Nobelium, the threat actor behind the 2020 attack on SolarWinds, compromised at least three Microsoft customers under a new round of attacks using password spraying and brute force, according to a Microsoft security blogpost released Friday.
As part of its investigation, Microsoft discovered information-stealing malware was placed on one of its customer service agent's machines. The basic account information gathered was then used to launch targeted attacks against various organizations, as part of a larger campaign, Microsoft said.
Targeting organizations in 36 countries, the actors mainly attacked IT companies and government agencies, according to Microsoft. The group also targeted a small number of NGOs, think tanks and financial services companies, mainly focusing efforts on organization in the U.S., U.K., and a smaller number in Germany and Canada.
The new attacks come about a month after Microsoft sounded the alarm on Nobelium, when the threat actor leveraged an account through the Constant Contact email marketing service to launch phishing attacks. The May attacks targeted about 350 organizations, including government agencies and NGOs.
The latest round highlights the need for companies to emphasize the need for strong passwords, according to Kev Breen, director of cyber threat research at Immersive Labs.
"We know from experience that the Nobelium group is a capable threat actor from their role in last year's SolarWinds compromise," Breen said via email. "Despite the proficiency shown in these earlier attacks, we can see from password reuse and brute force is still a common tactic used by almost every threat group. We'll keep banging this drum, but this just highlights the importance of proper password usage."
The new campaign also reinforces the need to use multifactor authentication and to enforce zero-trust architecture, according to Microsoft. The company's customer service agents were configured with the minimal set of permissions allowed as part of its "least privileged access" approach to customer information.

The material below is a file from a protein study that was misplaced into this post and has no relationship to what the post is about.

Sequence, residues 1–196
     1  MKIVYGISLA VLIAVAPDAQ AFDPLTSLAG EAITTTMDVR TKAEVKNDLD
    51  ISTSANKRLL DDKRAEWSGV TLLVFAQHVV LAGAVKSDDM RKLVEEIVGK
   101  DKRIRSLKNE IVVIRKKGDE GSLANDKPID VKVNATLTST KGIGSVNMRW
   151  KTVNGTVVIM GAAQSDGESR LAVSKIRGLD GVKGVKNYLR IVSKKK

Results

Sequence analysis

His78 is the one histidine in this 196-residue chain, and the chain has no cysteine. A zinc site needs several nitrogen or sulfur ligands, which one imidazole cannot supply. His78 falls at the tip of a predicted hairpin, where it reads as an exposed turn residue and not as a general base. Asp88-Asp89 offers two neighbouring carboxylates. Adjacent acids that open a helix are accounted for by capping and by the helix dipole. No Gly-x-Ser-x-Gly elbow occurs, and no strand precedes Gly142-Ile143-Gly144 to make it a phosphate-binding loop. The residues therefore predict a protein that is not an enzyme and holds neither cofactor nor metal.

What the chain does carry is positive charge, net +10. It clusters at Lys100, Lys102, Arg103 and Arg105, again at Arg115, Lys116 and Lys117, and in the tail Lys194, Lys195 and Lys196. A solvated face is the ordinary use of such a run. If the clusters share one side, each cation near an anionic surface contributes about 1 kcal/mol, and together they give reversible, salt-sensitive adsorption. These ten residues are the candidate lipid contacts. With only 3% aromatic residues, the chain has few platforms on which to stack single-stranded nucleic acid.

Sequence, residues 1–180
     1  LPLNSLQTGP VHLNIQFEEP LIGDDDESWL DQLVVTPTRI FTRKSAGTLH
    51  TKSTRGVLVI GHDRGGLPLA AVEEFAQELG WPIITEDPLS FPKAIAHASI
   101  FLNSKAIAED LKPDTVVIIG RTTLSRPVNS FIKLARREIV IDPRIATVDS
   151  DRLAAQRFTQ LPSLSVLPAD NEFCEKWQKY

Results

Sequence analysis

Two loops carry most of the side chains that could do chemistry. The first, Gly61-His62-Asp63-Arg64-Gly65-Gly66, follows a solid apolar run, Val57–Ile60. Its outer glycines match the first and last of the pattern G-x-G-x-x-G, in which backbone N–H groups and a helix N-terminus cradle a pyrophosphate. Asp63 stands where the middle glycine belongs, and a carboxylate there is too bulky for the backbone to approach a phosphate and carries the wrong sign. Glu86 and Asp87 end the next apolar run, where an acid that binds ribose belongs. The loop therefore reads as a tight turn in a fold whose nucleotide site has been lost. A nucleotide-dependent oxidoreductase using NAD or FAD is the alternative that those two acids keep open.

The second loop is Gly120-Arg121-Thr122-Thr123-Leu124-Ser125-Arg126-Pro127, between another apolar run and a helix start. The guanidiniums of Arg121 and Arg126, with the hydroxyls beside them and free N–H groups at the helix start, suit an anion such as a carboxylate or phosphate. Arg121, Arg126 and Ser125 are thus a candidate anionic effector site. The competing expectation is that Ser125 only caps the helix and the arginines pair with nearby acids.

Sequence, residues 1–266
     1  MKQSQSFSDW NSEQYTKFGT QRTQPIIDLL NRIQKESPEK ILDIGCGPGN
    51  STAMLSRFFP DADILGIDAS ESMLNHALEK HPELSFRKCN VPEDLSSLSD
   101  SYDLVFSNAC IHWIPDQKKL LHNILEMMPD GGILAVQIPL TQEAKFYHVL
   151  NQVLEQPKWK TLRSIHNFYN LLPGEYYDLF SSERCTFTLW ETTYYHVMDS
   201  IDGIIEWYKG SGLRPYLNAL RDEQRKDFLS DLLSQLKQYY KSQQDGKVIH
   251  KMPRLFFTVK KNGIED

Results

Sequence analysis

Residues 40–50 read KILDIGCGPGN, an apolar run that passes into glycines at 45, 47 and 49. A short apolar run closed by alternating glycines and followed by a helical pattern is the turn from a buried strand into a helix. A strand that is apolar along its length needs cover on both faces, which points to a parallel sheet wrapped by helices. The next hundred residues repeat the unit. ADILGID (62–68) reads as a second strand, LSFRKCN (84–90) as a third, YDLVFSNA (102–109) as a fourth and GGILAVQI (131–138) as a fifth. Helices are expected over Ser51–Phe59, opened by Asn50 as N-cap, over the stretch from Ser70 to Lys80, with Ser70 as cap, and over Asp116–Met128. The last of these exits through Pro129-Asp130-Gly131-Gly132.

For federal officials, the attack reinforces the need for organizations to implement steps outlined in the May 12 executive order on cybersecurity from the Biden administration. The order calls for greater information sharing between the private sector and federal authorities, in part so other companies can be notified as soon as organizations are impacted by outside attacks and also share those indicators of compromise, so other private sector entities know what to look for.
"CISA is aware of this activity and is working with Microsoft and our interagency partners to evaluate the impact," Nicky Vogt, a spokesperson for the Cybersecurity and Infrastructure Security Agency said in a statement.
During the original SolarWinds attacks in 2020, the threat actor used applications with privileged access in Microsoft Office 365 and Azure to attack Malwarebytes. Mimecast was also hit in a supply chain attack that compromised its authentication certificates.
The supply chain attacks were examples of how companies in the current environment need to constantly monitor and reassess the level of access they provide to vendors, because with excess permissions they can easily fall victim to a third-party attack.
SolarWinds said this latest round of attacks involving Microsoft has nothing to to with the company. "The latest cyberattack reported by Microsoft does not involve our company or our customers in any way," a spokesperson for SolarWinds said.